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Chord Ratio

  • jayunit_2
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jayunit_2 created the topic: Chord Ratio

Hi, my friends have been attempting the PEXO CASA exams and their first question is what is the Chord Ratio?, i cannot find anything about chord ratio from the aerodynamics book and it is not on the internet too...humbly requesting your kind assistance in regards to the meaning of chord ratio...Thank You
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bobtait replied the topic: Chord Ratio

I have never heard of the term 'chord ratio'. In fact it doesn't make mathematical sense since a ratio by definition is the relationship between two different variables. There is no mention of it in the CASA MOS syllabus either. Chord/thickness ratio or fineness ratio and aspect ratio are well known aerodynamic terms, but chord ratio is a new one on me. Are you sure your friend has remembered it accurately?
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  • jayunit_2
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jayunit_2 replied the topic: Chord Ratio

Yes, they confirmed that the question asked about the chord ratio and not aspect ratio, one recalled that one of the answers she choose from the four choices is mean camber thickness : chord
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  • Migraine
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Migraine replied the topic: Chord Ratio

Hi,

I found this on the web but don't know if it's a true explanation or not? Maybe Bob can expand?

The ratio of the maximum depth of an aerofoil, measured perpendicular to the chord line, to the chord length; usually expressed as a percentage.

thesciencedictionary.org/thickness-chord-ratio/

:)
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bobtait replied the topic: Chord Ratio

Yes, that's a well known one 'thickness/chord ratio', also known as 'fineness ratio'. It explains itself - thickness to chord. But I've never heard of 'chord ratio'.

A ratio requires you to compare one value with another e.g. thickness and chord, or 'lift and drag' or 'aspect ratio' which compares chord and span. The term 'chord ratio' seems to be referring to only one value - chord. Are you comparing the chord with itself? It's a strange one.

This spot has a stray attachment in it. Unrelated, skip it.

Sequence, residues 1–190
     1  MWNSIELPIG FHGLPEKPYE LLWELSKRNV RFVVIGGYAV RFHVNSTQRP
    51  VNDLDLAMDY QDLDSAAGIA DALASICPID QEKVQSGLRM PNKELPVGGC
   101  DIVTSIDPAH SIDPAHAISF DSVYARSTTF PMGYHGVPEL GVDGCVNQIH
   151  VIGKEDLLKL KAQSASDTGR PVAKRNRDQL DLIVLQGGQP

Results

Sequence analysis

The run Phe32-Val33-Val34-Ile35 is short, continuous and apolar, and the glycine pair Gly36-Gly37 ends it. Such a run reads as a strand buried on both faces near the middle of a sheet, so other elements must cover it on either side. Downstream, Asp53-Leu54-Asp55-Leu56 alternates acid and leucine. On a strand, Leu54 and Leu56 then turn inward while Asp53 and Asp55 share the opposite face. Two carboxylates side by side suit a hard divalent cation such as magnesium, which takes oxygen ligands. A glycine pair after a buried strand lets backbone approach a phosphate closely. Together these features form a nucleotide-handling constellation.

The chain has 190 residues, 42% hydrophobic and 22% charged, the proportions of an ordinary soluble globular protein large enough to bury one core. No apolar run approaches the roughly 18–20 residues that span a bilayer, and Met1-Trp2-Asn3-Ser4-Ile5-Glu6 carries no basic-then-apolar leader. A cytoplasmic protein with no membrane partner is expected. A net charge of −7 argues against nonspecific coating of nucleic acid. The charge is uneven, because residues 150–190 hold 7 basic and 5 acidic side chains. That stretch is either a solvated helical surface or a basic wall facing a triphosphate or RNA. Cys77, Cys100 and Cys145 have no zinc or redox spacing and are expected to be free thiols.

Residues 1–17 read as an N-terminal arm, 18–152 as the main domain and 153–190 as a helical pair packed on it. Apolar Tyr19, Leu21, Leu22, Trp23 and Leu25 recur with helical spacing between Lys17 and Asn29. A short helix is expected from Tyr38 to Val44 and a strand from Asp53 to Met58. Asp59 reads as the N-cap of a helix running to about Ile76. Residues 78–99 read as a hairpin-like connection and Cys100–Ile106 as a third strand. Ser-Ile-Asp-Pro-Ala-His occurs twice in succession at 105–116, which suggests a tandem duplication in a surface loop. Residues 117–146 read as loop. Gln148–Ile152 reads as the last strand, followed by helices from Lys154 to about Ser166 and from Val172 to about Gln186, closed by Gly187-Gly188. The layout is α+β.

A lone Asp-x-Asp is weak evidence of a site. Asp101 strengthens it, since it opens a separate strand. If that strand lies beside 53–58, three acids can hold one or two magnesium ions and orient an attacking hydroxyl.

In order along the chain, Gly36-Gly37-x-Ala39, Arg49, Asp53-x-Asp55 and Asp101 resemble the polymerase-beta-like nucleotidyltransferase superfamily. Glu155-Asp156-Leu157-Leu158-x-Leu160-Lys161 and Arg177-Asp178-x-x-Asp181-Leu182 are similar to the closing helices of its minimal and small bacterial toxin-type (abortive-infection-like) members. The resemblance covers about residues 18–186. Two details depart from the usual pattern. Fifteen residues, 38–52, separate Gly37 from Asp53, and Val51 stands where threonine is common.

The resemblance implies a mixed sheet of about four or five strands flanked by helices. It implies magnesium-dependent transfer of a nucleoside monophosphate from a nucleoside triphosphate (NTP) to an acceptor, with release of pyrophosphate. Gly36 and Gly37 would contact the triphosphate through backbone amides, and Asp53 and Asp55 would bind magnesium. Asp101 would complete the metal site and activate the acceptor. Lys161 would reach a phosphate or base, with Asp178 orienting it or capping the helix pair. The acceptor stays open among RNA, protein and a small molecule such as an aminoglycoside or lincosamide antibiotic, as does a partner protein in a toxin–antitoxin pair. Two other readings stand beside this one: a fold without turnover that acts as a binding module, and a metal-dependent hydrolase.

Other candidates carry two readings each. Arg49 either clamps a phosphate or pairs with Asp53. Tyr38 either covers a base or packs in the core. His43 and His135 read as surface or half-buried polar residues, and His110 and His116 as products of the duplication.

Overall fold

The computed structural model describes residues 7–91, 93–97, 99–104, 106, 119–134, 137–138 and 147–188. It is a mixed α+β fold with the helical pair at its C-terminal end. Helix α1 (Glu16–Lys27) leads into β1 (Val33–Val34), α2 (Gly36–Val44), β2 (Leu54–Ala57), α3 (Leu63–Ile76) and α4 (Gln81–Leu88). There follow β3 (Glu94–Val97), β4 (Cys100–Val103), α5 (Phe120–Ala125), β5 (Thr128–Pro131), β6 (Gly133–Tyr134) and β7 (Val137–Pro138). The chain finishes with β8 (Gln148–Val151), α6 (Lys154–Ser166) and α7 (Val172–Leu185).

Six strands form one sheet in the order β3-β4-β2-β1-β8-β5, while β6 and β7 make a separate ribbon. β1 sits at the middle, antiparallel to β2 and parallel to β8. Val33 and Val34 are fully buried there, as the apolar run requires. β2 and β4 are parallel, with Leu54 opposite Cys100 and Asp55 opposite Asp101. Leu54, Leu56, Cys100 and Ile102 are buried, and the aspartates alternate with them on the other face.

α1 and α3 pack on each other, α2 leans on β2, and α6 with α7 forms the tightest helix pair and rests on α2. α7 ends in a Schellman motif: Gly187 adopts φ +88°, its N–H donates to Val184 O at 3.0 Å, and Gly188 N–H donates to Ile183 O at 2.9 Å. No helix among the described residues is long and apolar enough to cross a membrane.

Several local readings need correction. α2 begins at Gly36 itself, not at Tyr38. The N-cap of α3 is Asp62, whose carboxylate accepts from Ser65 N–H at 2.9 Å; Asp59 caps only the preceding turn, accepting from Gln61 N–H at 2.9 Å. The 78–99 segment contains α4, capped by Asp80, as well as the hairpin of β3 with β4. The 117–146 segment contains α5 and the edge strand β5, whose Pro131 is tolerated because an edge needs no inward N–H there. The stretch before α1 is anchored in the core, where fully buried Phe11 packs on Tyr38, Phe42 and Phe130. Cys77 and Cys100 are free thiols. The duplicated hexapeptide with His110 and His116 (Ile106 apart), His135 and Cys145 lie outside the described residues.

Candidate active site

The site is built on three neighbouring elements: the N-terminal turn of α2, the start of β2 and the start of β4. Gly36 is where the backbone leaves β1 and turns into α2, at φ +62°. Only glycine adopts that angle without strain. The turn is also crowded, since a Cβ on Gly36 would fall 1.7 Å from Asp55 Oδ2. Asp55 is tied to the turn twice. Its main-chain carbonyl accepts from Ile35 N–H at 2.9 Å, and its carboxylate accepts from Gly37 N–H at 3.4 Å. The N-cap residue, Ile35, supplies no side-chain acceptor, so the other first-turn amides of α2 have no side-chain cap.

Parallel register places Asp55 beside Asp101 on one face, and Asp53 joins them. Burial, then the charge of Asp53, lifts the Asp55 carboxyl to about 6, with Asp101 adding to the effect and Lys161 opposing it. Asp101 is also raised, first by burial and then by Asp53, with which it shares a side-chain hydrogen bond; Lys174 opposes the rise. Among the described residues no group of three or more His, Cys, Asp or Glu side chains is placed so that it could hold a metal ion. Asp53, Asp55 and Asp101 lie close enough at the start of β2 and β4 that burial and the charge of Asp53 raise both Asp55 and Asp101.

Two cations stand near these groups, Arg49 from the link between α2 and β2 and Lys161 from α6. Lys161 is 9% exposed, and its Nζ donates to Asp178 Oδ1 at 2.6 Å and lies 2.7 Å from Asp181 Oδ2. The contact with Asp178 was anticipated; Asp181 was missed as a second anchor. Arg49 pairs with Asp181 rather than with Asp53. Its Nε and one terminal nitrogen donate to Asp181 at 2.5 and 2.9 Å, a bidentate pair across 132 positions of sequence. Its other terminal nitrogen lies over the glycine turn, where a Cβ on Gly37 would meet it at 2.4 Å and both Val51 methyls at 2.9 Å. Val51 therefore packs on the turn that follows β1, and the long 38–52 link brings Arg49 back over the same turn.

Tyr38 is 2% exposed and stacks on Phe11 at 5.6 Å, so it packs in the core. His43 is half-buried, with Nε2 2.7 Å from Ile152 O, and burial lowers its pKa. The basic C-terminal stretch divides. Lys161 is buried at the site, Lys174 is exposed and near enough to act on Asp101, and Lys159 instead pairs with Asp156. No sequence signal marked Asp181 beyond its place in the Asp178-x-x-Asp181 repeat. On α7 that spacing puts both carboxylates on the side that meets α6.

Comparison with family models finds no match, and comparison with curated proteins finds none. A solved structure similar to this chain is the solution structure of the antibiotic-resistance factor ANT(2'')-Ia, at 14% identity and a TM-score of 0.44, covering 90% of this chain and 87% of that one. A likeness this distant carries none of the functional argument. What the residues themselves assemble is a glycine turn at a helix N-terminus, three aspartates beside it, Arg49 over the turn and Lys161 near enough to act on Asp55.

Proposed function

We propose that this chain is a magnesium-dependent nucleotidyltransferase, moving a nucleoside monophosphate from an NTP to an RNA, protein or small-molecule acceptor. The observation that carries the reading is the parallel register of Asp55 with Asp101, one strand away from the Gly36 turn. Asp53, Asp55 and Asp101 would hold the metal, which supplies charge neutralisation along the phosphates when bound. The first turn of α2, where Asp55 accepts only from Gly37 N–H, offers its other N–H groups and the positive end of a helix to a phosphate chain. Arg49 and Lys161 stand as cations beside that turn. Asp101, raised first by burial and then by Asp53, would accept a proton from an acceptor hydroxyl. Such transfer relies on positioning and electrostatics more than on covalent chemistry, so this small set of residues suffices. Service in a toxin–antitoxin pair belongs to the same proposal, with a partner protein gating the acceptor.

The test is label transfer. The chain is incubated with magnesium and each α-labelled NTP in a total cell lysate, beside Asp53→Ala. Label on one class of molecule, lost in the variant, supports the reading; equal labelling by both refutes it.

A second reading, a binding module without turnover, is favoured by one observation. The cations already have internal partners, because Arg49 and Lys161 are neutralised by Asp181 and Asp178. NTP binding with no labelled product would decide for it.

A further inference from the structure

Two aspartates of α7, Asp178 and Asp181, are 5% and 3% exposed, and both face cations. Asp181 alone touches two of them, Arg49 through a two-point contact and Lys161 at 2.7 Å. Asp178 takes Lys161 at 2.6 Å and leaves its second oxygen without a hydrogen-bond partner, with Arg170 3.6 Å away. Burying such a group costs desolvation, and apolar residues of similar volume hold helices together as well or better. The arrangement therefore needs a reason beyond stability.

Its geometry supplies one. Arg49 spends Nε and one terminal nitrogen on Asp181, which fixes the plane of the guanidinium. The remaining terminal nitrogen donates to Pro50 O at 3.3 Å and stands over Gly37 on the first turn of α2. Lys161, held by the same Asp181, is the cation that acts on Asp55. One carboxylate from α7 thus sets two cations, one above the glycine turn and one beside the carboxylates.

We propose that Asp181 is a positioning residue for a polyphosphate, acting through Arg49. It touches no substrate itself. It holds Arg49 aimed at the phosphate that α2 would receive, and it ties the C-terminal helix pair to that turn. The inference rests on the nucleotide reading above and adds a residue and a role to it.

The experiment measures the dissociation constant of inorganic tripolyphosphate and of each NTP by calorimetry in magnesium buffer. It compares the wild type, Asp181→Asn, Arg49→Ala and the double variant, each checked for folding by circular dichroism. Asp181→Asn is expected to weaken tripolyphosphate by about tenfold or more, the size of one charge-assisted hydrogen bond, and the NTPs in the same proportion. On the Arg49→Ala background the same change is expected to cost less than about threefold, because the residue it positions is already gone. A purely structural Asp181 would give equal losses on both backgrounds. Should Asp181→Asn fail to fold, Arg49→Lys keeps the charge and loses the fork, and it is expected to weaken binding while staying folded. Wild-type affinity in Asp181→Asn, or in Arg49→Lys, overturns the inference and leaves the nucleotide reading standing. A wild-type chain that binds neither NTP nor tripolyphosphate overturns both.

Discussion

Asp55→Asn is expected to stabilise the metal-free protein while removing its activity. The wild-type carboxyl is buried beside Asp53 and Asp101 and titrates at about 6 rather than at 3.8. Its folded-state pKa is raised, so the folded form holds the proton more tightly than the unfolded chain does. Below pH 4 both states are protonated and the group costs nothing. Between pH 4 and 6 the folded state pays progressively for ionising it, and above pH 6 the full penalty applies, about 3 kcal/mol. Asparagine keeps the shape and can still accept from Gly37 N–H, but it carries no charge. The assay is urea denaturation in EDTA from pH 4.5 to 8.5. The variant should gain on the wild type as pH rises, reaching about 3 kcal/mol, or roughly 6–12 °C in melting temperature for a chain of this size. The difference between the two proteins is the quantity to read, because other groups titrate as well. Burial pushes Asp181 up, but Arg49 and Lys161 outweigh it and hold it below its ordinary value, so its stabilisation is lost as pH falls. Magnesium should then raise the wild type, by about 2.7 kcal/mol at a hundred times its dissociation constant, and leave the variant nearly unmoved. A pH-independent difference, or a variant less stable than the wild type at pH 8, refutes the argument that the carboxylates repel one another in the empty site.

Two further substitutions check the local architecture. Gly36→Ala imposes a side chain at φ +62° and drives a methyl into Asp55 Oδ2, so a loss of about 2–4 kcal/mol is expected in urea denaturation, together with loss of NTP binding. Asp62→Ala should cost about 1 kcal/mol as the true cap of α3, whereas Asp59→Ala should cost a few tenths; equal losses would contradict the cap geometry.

I've put this question to a good friend of mine who has had extensive experience as an aeronautical engineer including stints as Vice President of Engineering and Test Pilot at Aviat Aircraft, Inc (USA) and as Chief Engineer with Boeing in Australia. He also has never heard of it.
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  • jayunit_2
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jayunit_2 replied the topic: Chord Ratio

Thank you Mr. Tait for your kind assistance, I am just concern on this question because i am a ground theory instructor in Fiji and they are also asking me this question of a chord ratio that i also never heard of it before...at first, i thought they misread it with aspect ratio but when more than two students and friends confirms that it is indeed asking about chord ratio, i thought maybe it is part of a new syllabus, because it is not on the CASA MOS syllabus ..
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  • Migraine
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Migraine replied the topic: Chord Ratio

Hi Bob,

This post is starting to niggle away at me!

Looking at your AD book (page 24) I see the thickness/chord ratio which you describe being 'maximum thickness' compared with the chord length. All good so far!

Would CASA be trying to suggest the dimension 'maximum camber' with the chord length as a 'Chord ratio'? Although if such a term existed I presume it would be titled Camber/Chord ratio rather than Chord Ratio on its own?!

As far as I can see, there doesn't appear to be any other dimensions left on the aerofoil to compare the chord with...

:/
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Richard replied the topic: Chord Ratio

Hi Migraine,

What you are describing there is how the maximum camber of the aerofoil is usually expressed: as a percentage of the chord length. For example, an aerofoil with a camber of 15% has a maximum camber which is 15% of the chord length. Mathematically then, you could say the ratio of camber to chord is 15:100. In reality though, the value is expressed as a percentage, not as a ratio.

I agree with Bob, I suspect the question is driving at the fineness ratio: thickness to chord length.

Just my 2c :)

Cheers,

Rich
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  • Cranenium
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Cranenium replied the topic: Chord Ratio

Sorry but just to confirm. So Chord ratio is thickness to chord length ?
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  • John.Heddles
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John.Heddles replied the topic: Chord Ratio

50+ years in the aero game and the term has never been seen.

Either -

(a) the question was a typo, or
(b) the informants' memories were deficient.

The most likely story is that the question was looking for t/c. It is also possible that it was a confused way of referring to the MAC - perhaps %MAC as one could generate a part logical reason for that option. If you are convinced the question was legit, I suggest you send an email off to CLARC and ask the question of whomever wrote the exam paper.

Specific to the previous post, a definition can be whatever you wish .. in this case, I suggest, if you can't find it in an authoritative document then it is not anything mainstream.

Engineering specialist in aircraft performance and weight control.
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